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T-7 Complete How Do You Train Your Bowel




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#1 SirWheelie

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Posted 04 September 2010 - 02:26 AM

Hi I'm a 24 year old male new to the SCI world ...... and I think I'm going to be scared to go out cause I might have a bowel movement how do u train it to go at the sometime everyday
T-6/T-7 incomplete "alive today to tell about yesterday"

#2 Ohiokitten4

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Posted 04 September 2010 - 07:38 AM

Hi I'm a 24 year old male new to the SCI world ...... and I think I'm going to be scared to go out cause I might have a bowel movement how do u train it to go at the sometime everyday



Well that fear will never go away, it happens to all of us at one time or another it seems. But you cannot live life on the what ifs. I personally use a machine called PIE=pulsed irrigated evacuation. It is where water is put into the colon and cleans me out. Like anything there is always the chance that you can stil have an accident from time to time. But its surely better then picking your butt and ending up with bleeding hemmeroids. I've done this method for many years now, and it requires help from someone else. I think that other then not being able to walk again, the very worst part of being paralyzed is the bowel issues. I truly wouldnt wish this on anyone. good luck!~
~~**OhioKitten4**~~

#3 Smileyblue

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Posted 04 September 2010 - 09:22 AM

Hi SirWheelie.. Welcome to the site.. ;-)

You will find a wealth of information here, we're all in the same boat or partners of people in the same boat..

With regard to training your bowel, it takes time and patience, but it IS achievable! ;-)

Firstly, we are all different, so what works for one, does not necessarily work for another.. How I got mine trained was by taking a stool softener every morning and going to the bathroom every evening at the same time, after a meal and a hot cup of tea to stimulate the bowels.. I use a Dulcolax suppository to get started, and sit for an hour, then off to the shower.. Once trained I noticed that I was not getting results every time, so I extended my routine to a day and a half, and now I'm settled on every second day..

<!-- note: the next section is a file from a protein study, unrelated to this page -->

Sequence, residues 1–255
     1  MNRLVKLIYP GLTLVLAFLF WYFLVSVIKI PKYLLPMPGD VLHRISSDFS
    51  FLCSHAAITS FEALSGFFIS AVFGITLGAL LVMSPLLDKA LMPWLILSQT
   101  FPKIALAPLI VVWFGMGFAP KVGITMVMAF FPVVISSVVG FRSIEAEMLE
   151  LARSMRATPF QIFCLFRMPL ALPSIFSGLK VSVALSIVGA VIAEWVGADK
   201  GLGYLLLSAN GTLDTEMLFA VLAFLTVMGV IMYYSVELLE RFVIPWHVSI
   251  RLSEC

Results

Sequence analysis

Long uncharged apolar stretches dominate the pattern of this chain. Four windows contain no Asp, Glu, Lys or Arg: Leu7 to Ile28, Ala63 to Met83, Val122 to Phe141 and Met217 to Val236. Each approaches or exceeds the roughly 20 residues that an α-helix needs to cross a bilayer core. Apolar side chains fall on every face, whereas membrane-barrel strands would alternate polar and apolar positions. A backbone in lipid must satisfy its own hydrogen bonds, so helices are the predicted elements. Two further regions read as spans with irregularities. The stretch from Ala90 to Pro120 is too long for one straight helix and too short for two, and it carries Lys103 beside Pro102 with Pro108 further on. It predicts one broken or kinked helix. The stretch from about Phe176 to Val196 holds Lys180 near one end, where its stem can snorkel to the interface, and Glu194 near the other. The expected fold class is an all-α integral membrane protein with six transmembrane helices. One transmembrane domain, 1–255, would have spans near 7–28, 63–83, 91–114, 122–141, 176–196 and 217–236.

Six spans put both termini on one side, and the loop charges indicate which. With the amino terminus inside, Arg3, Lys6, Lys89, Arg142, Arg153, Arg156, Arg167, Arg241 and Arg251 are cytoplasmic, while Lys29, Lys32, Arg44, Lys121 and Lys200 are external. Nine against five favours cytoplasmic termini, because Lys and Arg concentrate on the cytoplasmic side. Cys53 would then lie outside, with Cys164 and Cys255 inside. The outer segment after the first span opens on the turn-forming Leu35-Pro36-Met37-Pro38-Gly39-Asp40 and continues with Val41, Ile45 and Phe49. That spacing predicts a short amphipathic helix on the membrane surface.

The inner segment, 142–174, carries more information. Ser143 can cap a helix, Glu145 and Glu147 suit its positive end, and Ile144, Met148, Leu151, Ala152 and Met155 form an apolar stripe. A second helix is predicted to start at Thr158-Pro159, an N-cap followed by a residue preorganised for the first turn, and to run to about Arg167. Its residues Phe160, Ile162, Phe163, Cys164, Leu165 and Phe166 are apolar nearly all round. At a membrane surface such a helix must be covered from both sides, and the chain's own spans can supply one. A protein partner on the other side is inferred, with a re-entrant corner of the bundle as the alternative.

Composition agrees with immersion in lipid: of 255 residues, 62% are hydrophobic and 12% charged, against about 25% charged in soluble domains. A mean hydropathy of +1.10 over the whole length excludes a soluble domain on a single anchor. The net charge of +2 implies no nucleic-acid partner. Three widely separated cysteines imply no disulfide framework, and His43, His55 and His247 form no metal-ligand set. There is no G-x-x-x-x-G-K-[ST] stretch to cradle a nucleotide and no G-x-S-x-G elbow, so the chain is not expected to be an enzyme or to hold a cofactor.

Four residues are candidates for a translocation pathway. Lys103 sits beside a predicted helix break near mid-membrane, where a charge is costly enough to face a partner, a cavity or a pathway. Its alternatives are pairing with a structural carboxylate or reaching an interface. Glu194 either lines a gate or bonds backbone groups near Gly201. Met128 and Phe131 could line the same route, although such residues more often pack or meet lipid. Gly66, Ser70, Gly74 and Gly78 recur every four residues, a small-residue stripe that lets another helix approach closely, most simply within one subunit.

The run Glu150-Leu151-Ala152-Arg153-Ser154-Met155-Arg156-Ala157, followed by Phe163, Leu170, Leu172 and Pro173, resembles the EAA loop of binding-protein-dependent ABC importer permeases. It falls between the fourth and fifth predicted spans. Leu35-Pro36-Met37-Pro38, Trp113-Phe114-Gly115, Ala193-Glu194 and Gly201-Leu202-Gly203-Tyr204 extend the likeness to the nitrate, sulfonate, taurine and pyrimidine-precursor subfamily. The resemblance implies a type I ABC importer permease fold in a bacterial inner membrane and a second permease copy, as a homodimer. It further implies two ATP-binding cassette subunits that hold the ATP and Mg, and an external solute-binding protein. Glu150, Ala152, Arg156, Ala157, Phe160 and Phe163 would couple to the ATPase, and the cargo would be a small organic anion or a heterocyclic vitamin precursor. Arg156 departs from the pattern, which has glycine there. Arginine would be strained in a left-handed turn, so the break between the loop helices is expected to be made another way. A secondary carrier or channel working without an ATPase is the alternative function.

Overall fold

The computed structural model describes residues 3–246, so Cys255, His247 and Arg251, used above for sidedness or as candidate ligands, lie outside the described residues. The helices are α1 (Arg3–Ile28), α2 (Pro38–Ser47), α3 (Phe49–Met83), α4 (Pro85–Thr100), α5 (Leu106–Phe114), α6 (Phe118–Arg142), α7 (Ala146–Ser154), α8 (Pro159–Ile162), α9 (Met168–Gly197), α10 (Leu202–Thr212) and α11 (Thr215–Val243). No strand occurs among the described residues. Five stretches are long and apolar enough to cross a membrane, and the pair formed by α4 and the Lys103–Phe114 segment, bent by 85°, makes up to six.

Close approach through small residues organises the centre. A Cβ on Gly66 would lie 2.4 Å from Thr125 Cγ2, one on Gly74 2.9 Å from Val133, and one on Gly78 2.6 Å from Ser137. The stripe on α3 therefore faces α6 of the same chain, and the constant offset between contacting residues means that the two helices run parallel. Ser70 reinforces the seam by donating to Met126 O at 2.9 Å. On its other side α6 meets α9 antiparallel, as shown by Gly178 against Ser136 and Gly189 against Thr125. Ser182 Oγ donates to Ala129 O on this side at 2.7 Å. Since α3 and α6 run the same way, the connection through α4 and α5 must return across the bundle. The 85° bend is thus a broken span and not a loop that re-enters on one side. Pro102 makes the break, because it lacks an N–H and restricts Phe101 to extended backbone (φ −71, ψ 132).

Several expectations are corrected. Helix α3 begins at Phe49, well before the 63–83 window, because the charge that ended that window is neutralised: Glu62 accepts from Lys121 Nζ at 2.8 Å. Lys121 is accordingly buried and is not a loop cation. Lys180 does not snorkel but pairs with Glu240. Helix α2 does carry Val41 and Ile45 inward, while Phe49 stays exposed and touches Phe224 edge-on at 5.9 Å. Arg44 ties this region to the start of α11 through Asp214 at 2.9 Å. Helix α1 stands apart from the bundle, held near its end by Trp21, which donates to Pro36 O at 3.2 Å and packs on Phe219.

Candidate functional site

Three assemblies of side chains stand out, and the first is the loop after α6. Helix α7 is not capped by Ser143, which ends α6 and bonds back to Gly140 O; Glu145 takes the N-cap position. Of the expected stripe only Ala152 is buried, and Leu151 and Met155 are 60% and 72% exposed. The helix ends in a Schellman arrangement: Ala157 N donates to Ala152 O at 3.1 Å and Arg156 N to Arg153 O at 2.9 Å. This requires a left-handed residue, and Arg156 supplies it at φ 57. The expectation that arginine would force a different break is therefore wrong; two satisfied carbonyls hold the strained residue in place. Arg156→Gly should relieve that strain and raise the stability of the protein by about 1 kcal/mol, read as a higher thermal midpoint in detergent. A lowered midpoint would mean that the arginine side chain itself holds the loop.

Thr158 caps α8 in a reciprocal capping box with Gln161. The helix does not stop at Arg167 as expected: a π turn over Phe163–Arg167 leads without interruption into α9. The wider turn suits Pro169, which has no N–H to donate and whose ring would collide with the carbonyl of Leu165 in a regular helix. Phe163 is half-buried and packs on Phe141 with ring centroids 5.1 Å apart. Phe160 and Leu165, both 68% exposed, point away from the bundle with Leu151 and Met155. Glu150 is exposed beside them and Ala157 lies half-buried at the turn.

It's trial and error I'm afraid.. Look at how regularly your bowel needs movement, how long it takes to complete voiding, the consistency to see if you require softeners etc, and work from there..

Best wishes.. ;-)

What's important is not what happens to us, but how we react to what happens to us..
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#4 partygirl

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Posted 06 September 2010 - 01:46 AM

It is certainly trial and error and we are all a bit different in how we manage out bowels. I remember awful times when I was on heavy duty antibiotics AND heavy duty aperients (bloody doctors),but at least I was in hospital then rehab at the time so I wasn't the one cleaning up after my accidents! Poor staff.
At home for the past two years I have gradually got things where I want them. My bowel is neurogenic, so a formed (solid) motion can sit in my rectum for ever and not come out, as a result i battle with constipation.